Table of Contents for Form 1120-F U.S. Income Tax Return of a Foreign Corporation Tax Planning

1. This blog tells you how to protect yourself from the U.S. courts and the IRS.
2. his blog is primarily about U.S.  international income taxation and the branch profits tax.
3. Two important international tax laws to watch.
4. Tax Planning for your Balance Sheet and the Branch Profits Tax.
5. Liability Of Corporate Agent in the USA.

6. You Must Timely File  Form 1120F to Claim Deductions or Credits.
7, Protective Filing of Form 1120F:  Smart International Tax Accounting.
8. What if only part of your U.S. income is U.S. business income?

This just might be the most important blog on international tax that you will ever read. Here is the problem for U.K., EU, Australian, New Zealand, and Canadian corporations with U.S. income.

The internet is full of stories of how the tax treaty permanent establishment article prevents the USA from taxing you.  What the stories don’t tell is that the U.S. Tax Court does not care about your tax treaty.

The U.S. Tax Court is part of the Government.  The Government wants your money.  It is that simple.  Okay, it’s not fair.  But they really  do not care.  This link discusses a few of these anti-tax treaty court cases.

This blog tells you how to protect yourself from the U.S. courts and the IRS.

Form 1120-F U.S. Income Tax Return of a Foreign Corporation covers three different taxes. 

Foreign corporations have income from U.S. sources are always required to file U.S. tax returns.
Three different taxes are on the form as follows:

  1. Foreign corporations must pay a 30 percent tax on income from U.S. sources not connected with a U.S. trade or business.
  2. Foreign corporations engaged in trade or business within the United States is subject to income tax, alternative minimum tax, and other taxes applicable to corporations on their taxable income.
  3. Foreign corps engaged in business within the U.S. must pay the branch profits tax.

This blog is primarily about U.S.  international income taxation and the branch profits tax.

A foreign corporation with a business in the United States at any time during the tax year or that has income from United States sources must file a return on Form 1120-F.  A foreign corporation with U.S. business income must file (I will explain why later in this blog) even though:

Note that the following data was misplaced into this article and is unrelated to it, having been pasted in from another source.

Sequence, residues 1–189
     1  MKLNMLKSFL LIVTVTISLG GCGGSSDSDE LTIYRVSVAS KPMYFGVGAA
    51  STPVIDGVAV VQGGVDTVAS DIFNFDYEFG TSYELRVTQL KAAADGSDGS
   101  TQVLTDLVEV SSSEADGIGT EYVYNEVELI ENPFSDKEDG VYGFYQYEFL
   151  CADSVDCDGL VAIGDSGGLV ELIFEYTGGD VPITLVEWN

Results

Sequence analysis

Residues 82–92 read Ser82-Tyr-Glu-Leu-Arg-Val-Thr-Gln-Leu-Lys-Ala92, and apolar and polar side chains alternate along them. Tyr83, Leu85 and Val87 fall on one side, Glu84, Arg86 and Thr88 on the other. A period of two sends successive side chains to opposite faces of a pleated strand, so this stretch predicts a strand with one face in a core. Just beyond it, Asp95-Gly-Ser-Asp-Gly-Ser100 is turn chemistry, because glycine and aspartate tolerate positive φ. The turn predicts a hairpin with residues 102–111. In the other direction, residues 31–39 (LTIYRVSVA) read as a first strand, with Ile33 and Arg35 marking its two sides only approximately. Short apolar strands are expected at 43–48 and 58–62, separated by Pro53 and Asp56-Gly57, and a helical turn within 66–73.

(1) It has no business income (that is income effectively connected with the conduct of a trade or business) in the United States,

(2) It has no income from U.S. sources  or

(3) Its revenues are exempt from income tax under a tax convention or any provision of the tax law.

Two important international tax laws to watch.

  1. If the foreign corporation has no gross income for the year, it is not required to complete the return. However, it must file a Form 1120F and attach a statement (I will explain why later in this blog) to the return indicating the nature of any tax treaty exclusions claimed and the amount of such exclusions to the extent these amounts are readily determinable.[1]  For example, if you believe that you have avoided having a permanent establishment, you need to explain why.  Here is more on court cases on permanent establishment).
  1. To claim tax deductions and credits,  the corporation must file an accurate tax return on time. If the return is not timely file, all of the expenses and costs of goods sold can never be deducted.  If the U.S. income of a foreign corporation includes income that is subject to a lower rate of tax under a treaty, it must attach a statement to its return explaining this and showing:

(a) The income and amounts of tax withheld,

(b) The names and post office addresses of withholding agents, and

(3) any other information required by the return form or its instructions.[2]

Tax Planning for your Balance Sheet and the Branch Profits Tax.

The foreign corporation may elect to limit the balance sheets and reconciliation of income to the U.S. business use assets, liability and equity and its other income from U.S. sources.[3]   The branch profits tax traces the U.S. business equity and debts.  Thus, the balance sheet is the IRS’s primary audit tool.   Reporting your worldwide assets is providing the IRS information that has little or no value.

TAX TIP: A foreign corporation that is not engaged in a trade or business in the United States it is not required to file a return when the U.S. withholding of tax at the source of its payments covers the taxes owed.   A matter of fact, the goal of U.S. withholding tax is eliminated U.S. tax compliance for the foreign person.